(This article originally appeared on EE Times Europe's Automotive site.)
In consumer electronics as well as in most computing environments, USB today is the most popular interface technology. Also in automotive environments, USB is about to conquer the pole position among competitive technologies. At chip level, the supporting infrastructure is already available.
Dr. Matthias Stümpfle, Head of System Architecture and Platforms at Daimler AG says: "USB is the most ubiquitous consumer interface today. Its widespread use makes it an attractive way to connect the consumer's digital world with the sophisticated entertainment systems of the car. However, to put such an interface in a car requires much more than performing some stress tests on a commercial IC. Automotive applications demand high quality and reliability levels that require component designers to have the automobile in mind when they first begin creating their ICs.
Furthermore, the whole supply chain needs to be tuned to quickly respond to any issues and to identify the root cause of any problems that are found along the way. USB, along with a robust and reliable MOST information and entertainment backbone, can help decouple the different development cycles of the automotive and consumer industries, while allowing car makers to quickly deliver new functions available in the consumer environment."
USB is indeed the interface of choice for many of today's consumer electronics products. Everything from cameras, to telephones and media players, as well as portable navigation devices uses USB. Even devices with wireless interfaces, such as a Bluetooth phone, need to be connected to charge their batteries. USB provides the perfect interface: it is in widespread use and has a very well defined connector that makes it easy for both carmakers and device makers to use.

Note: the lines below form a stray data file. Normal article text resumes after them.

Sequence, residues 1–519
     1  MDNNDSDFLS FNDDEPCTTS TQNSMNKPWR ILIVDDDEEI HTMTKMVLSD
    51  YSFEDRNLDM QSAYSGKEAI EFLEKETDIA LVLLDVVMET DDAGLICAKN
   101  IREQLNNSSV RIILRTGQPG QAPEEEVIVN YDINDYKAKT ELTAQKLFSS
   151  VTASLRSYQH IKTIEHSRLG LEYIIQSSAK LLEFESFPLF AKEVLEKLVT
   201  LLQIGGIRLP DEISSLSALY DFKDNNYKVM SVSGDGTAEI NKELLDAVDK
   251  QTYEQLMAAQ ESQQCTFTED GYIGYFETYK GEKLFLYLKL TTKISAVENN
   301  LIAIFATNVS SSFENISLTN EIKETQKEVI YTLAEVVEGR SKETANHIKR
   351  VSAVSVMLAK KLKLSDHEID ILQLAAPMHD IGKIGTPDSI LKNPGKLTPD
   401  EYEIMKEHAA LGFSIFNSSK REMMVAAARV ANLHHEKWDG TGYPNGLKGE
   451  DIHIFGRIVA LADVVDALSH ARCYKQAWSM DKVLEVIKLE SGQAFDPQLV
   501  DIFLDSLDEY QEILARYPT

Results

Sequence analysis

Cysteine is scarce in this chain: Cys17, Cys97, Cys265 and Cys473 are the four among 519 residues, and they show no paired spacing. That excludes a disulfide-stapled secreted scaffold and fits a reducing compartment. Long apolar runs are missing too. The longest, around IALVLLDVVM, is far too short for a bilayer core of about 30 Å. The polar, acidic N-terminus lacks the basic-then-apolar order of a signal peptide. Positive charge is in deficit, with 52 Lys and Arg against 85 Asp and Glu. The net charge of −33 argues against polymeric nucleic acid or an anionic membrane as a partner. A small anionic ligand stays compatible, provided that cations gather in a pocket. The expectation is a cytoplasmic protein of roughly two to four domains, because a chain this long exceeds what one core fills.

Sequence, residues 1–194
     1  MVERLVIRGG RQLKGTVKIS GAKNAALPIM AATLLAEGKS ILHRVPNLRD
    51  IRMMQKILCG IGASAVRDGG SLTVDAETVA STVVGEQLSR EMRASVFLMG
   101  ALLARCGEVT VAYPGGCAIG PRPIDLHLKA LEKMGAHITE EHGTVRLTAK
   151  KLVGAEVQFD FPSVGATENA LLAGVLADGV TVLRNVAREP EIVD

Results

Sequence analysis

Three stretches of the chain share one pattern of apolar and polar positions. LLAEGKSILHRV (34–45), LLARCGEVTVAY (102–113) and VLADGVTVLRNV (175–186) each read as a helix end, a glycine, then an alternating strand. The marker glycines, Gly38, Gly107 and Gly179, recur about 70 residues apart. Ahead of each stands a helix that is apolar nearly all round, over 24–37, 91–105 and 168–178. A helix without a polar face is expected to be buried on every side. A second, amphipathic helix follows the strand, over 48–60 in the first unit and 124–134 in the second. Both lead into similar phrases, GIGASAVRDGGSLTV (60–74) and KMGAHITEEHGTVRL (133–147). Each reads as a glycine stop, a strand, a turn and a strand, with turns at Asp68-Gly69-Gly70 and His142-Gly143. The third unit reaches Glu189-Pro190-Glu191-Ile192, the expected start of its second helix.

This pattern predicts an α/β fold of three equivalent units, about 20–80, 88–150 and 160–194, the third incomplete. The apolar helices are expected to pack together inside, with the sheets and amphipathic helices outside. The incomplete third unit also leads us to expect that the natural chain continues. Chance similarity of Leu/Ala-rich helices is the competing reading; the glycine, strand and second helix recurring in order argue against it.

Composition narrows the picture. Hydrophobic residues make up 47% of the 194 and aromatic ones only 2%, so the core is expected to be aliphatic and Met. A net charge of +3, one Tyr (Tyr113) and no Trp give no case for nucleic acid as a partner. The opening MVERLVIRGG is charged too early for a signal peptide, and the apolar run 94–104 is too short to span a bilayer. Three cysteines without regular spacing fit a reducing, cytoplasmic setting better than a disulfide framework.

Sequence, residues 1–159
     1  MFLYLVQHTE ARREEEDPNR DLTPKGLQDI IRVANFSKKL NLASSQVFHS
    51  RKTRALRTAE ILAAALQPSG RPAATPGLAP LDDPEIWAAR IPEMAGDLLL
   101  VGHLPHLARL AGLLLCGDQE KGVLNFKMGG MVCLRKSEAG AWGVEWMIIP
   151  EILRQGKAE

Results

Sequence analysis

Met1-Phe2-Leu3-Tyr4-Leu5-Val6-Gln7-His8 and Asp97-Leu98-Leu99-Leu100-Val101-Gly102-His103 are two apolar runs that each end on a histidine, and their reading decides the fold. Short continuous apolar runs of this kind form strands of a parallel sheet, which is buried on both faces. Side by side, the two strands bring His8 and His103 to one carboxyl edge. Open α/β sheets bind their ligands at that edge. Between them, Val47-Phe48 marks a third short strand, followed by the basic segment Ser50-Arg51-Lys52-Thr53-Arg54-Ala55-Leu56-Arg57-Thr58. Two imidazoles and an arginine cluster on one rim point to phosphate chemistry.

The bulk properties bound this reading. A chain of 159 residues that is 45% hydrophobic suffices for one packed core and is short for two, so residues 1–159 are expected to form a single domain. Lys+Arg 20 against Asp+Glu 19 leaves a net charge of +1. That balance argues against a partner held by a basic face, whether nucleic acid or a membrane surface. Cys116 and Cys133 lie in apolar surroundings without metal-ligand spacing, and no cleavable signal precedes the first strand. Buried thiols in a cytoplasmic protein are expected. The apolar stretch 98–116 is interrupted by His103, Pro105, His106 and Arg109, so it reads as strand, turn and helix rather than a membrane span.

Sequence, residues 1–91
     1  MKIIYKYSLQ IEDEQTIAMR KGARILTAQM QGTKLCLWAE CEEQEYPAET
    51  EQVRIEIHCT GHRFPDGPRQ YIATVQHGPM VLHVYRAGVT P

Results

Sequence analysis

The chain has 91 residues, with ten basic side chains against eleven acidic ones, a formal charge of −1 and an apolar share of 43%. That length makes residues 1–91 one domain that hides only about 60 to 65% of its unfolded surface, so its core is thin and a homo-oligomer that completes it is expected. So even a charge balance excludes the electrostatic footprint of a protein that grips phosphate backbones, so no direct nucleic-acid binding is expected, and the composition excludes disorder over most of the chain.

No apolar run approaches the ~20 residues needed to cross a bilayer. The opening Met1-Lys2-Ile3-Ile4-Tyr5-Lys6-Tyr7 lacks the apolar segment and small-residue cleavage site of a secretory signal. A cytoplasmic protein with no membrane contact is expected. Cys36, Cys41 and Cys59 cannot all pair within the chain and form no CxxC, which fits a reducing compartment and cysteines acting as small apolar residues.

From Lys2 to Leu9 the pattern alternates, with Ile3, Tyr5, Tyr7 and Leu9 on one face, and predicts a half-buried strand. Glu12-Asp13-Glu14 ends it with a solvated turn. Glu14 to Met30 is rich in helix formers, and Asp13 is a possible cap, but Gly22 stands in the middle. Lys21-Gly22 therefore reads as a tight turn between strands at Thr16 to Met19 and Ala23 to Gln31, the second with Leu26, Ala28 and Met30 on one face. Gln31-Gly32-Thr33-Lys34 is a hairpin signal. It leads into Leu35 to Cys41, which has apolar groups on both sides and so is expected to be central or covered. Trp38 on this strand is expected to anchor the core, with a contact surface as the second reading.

USB uses a master-slave hierarchy. There is one USB host that connects to multiple USB devices. Many of the microcontrollers used in today's vehicles provide at least a single USB port. However, more ports are needed to connect devices that are both internal to the vehicle or that a consumer can bring into the car.
USB hubs provide multiple downstream ports that connect to a single port on the microcontroller. SMSC's USB82514 USB 2.0 hub, for example, provides up to 4 additional USB ports. Connecting to telephones, iPods and other media players are obvious applications as car makers seek to become part of their customers' digital world.
The widespread use of USB has resulted in embedded applications also using the interface inside a component, where it is not accessible to the user. Devices like Bluetooth radios are available with USB interfaces. Mass storage is available in the form of USB drives that are both inexpensive and more reliable than their rotating media counterparts. Hubs allow the connection of both embedded and external consumer devices.
Figure 1: A USB Hub provides mutliple connection points